Harvey Park South is a mostly residential neighborhood where two-thirds of the residents are Latino. Two online surveys (offered in both English and Spanish) and four community meetings (one conducted in Spanish) solicited input on the draft plan from that community and from neighboring College View before its adoption.
Stakeholders weighed in on questions such as “What do you like about the Loretto Heights area?” and “What concerns or worries do you have about Loretto Heights?” Steering committee meetings held over the last year also influenced the plan.
In these meetings and surveys, residents overwhelmingly said they liked the area’s parks and open spaces. Also important to them are the area’s history and historic buildings; the campus’s hilltop views of downtown Denver and the Front Range; and the neighborhood views of the Administration Building’s red sandstone bell tower. The six-story Romanesque-style building has been on the National Register of Historic Places since 1975.
About 40 percent of the area plan limits building height to five stories; about 55 percent limits building height to two-and-a-half or three stories. A small part of campus will permit buildings up to eight stories, but only where they don’t interfere with the view.
Existing residents worry that redevelopment will bring traffic and parking issues. They stated that the area needs improved walkability and pedestrian safety should be a priority. Concerned stakeholders have also asked whether the developers will be held to the plan’s goals and whether the plan is clear enough on how to achieve those goals. The plan doesn’t get into specifics of how many structures will be built or how much traffic is projected to increase.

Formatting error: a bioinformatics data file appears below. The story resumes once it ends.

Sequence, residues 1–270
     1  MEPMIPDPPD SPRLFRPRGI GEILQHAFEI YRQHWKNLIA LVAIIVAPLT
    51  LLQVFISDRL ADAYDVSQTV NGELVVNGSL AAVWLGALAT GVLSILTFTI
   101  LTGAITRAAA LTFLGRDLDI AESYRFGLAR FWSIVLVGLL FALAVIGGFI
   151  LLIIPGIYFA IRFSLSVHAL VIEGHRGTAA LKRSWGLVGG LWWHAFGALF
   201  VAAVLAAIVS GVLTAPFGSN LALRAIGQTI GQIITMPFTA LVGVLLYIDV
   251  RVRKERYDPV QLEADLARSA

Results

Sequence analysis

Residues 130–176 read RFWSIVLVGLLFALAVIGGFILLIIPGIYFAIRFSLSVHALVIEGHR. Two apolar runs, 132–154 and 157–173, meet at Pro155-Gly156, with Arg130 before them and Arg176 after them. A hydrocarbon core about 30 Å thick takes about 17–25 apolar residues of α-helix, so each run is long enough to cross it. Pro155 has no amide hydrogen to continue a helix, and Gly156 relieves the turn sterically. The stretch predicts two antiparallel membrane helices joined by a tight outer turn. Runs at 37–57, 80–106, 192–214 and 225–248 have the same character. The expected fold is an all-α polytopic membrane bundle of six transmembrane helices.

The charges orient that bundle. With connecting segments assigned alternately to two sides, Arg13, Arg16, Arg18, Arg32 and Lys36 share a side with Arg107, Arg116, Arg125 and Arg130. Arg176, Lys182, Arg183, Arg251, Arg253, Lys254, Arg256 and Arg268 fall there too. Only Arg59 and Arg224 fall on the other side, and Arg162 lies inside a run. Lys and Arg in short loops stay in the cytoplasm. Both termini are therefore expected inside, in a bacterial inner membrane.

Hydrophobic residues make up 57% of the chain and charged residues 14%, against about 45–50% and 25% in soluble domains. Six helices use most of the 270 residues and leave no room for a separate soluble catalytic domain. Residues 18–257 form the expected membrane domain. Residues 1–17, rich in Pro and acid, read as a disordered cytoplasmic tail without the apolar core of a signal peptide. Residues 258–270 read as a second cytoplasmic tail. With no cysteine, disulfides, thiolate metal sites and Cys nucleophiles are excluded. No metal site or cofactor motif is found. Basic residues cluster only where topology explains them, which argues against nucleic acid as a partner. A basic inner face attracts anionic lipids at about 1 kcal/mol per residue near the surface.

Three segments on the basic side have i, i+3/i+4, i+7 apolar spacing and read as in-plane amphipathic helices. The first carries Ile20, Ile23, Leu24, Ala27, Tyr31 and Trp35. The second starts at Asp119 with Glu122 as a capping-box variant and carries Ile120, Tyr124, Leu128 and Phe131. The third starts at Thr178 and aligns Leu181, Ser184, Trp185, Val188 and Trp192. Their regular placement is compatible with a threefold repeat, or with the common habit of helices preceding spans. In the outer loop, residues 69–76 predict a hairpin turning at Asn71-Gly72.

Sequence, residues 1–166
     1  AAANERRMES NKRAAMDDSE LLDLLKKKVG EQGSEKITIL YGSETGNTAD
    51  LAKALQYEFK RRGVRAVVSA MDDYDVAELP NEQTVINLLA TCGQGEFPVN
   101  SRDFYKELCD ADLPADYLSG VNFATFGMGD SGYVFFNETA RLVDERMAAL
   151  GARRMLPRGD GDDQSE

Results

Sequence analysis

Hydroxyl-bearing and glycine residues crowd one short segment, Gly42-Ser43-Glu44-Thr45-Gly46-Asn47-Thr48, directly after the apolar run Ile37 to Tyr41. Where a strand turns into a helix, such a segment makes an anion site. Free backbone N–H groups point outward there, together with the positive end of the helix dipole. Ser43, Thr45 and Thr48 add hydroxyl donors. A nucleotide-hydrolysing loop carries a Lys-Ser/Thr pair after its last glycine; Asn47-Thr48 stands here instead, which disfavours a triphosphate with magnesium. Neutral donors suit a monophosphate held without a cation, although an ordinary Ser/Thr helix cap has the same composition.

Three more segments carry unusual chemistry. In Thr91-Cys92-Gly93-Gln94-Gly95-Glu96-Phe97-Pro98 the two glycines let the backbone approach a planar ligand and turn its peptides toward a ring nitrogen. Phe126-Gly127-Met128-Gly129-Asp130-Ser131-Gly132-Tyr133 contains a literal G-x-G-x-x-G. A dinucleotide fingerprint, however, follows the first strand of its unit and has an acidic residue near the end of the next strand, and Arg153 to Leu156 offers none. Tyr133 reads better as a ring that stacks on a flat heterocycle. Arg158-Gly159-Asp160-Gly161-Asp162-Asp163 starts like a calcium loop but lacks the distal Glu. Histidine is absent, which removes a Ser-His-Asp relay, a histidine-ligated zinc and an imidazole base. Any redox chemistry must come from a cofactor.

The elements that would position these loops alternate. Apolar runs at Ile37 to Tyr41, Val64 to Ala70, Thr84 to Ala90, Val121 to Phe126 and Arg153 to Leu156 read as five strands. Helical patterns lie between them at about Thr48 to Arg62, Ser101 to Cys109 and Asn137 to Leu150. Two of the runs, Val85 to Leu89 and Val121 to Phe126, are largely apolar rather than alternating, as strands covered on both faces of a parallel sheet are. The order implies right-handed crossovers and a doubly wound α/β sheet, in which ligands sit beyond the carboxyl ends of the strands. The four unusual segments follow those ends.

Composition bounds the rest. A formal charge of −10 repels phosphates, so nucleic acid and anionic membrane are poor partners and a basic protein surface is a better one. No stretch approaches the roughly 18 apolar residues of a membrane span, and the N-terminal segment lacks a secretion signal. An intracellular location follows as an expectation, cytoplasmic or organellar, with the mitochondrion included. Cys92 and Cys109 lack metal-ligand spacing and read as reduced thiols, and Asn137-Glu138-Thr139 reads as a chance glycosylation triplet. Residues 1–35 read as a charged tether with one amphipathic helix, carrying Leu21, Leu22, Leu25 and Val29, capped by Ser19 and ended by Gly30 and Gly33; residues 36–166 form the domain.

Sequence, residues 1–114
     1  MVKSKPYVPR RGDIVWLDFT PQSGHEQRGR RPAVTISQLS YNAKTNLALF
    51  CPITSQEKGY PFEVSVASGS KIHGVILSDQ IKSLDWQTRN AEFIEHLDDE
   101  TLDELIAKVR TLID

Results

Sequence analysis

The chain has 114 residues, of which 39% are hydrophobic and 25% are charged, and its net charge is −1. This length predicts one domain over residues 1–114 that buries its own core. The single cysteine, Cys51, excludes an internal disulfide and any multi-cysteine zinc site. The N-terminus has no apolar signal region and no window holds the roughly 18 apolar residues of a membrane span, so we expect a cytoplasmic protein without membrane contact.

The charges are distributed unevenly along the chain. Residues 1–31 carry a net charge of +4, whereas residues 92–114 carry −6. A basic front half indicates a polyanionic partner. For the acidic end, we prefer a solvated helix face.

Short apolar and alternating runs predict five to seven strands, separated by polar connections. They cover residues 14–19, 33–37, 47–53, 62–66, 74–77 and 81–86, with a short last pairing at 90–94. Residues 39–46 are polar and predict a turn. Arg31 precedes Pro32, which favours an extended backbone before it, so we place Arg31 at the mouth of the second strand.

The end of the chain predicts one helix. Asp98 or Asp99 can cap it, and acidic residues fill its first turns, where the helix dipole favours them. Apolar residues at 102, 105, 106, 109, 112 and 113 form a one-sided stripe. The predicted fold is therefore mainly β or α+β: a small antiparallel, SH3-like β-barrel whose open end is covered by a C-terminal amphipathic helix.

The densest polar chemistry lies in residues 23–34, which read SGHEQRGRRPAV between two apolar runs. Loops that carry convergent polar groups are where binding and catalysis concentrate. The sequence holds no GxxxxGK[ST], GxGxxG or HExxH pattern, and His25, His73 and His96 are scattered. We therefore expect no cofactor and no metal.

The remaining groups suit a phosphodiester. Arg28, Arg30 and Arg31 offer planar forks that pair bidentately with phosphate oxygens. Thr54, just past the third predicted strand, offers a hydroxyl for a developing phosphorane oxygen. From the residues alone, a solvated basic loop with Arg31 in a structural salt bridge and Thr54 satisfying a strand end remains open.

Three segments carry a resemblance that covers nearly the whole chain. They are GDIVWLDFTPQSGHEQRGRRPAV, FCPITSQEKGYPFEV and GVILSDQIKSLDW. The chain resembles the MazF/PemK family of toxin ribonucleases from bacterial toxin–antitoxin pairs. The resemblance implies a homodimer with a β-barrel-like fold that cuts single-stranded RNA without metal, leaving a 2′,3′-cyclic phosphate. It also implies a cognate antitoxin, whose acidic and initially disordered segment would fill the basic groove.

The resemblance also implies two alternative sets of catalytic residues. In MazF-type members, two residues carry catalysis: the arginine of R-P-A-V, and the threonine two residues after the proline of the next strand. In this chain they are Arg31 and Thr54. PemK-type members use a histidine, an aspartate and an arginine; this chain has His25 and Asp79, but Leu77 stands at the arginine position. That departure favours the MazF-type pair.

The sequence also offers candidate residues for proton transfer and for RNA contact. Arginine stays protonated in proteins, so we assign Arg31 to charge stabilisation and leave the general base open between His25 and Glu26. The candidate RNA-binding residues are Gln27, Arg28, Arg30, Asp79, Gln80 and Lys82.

Another major issue: About 70 percent of the plan area’s residents are renters. Will gentrification displace them? Or will the development follow the area plan and “accommodate households of different ages, sizes and incomes”?
The plan’s goals of historic preservation and affordable housing seem to be off to a promising start. Pancratia Hall, named after Mother Pancratia Bonfils, one of the Sisters of Loretto, was built in 1929 and used for classrooms and dorm rooms. It will get new life as Pancratia Hall Lofts.
Colorado firms with four decades of experience in historic renovations, Hartman Ely Investments and Proximity Green, will use tax-credit financing to help fund the building’s $22 million conversion into 68 affordable housing units. The lofts will provide homes for residents earning 30 to 80 percent of the area median income.
To help fund the entire area plan, six metropolitan districts have been created to borrow tax dollars for infrastructure improvements such as sidewalks, roads, storm pipes, traffic signals and street signs. Denver already has 80 metropolitan districts, whose future residents repay the borrowed funds through higher property taxes.
The new districts could levy property taxes of up to 90 mills, a rate that would be the highest in the city, on the area’s eventual homeowners and businesses. Construction is expected to begin next year after city officials rezone the area based on the new area plan.
Only time will tell how closely the revamped neighborhood fulfills the goals of the Loretto Heights Area Plan. But one thing is clear: the Loretto Heights Development will change southwest Denver dramatically as construction unfolds over the next five years.